ESTIMATING EMPLOYMENT

Estimating the employment gains and losses from moves to regulate greenhouse emissions has become a political exercise.

AVERAGE LOSS

The U.S. Chamber of Commerce, which has opposed carbon regulations, warned that former President Obama’s signature Clean Power Plan would lead to an average loss of more than 200,000 American jobs each year through 2030 — a wildly overstated projection, energy and labor specialists say.

VOWED TO DISMANTLE

The Obama-era plan, the effort Mr. Trump has vowed to dismantle, would have closed hundreds of coal-fired power plants, frozen construction of new plants and replaced them with vast new wind and solar farms. Mr. Obama had pledged as part of the Paris climate pact that the United States would cut its emissions about 26 percent from 2005 levels by 2025, and carrying out the Clean Power Plan was vital to meeting that target.

ENVIRONMENTAL GROUPS

Environmental groups have given bold estimations of their own, arguing that jobs related to clean energy and energy efficiency would increase under the plan — by as many as 274,000 through 2020, according to the Natural Resources Defense Council.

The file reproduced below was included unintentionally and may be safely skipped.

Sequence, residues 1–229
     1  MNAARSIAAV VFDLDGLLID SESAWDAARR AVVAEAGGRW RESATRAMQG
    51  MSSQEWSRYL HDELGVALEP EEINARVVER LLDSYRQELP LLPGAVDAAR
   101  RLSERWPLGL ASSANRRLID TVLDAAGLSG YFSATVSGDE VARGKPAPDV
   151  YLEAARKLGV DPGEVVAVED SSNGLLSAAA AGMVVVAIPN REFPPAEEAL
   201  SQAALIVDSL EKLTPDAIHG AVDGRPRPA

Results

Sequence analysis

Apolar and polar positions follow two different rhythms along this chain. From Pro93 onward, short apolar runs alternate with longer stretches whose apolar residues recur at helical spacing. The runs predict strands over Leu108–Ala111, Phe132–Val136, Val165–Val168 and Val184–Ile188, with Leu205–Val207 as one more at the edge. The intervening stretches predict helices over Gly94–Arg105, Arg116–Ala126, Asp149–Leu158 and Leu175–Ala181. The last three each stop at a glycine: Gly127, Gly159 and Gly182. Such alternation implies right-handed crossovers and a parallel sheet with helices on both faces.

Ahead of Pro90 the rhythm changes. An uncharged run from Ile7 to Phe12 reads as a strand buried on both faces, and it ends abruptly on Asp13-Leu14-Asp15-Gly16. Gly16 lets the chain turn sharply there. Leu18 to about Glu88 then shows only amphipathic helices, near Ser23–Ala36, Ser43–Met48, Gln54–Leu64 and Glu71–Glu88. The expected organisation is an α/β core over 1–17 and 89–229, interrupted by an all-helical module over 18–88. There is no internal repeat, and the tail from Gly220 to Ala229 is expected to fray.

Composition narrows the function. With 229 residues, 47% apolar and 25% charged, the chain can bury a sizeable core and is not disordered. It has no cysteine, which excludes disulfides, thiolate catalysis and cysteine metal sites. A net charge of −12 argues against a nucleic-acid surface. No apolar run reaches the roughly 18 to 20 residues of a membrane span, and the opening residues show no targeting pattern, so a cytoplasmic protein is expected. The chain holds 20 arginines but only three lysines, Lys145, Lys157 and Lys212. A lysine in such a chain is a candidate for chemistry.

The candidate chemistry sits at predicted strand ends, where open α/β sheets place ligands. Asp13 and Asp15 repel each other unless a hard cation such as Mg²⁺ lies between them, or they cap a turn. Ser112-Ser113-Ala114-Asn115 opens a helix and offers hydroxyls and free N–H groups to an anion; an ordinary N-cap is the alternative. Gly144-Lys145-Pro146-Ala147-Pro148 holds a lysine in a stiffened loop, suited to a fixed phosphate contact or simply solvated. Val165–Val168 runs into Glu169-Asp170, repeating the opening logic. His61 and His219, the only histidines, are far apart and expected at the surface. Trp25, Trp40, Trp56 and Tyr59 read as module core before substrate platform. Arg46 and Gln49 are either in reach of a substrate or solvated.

EPA

The Environmental Protection Agency, meanwhile, estimated that the plan would lead to a gain of as many as 80,000 jobs by 2020.

NONE OF THESE HAVE BEEN TESTED

None of those estimates have even begun to be tested. The power plan from the Obama administration had not been put into effect because it had been blocked by the Supreme Court.

PART OF THE PROBLEM

Part of the difficulty in forecasting the employment fallout is the many variables involved:

  • Prices of coal and gas;
  • Projected growth;
  • Cost of renewable energy;
  • Jobs generated by energy efficiencies.

Even coal executives remain hushed in their optimism about the Clean Power Plan rollback, which they say is nowhere near enough to return coal to its main branch atop power markets and put tens of thousands of coal miners to work.

THE TECHNOLOGY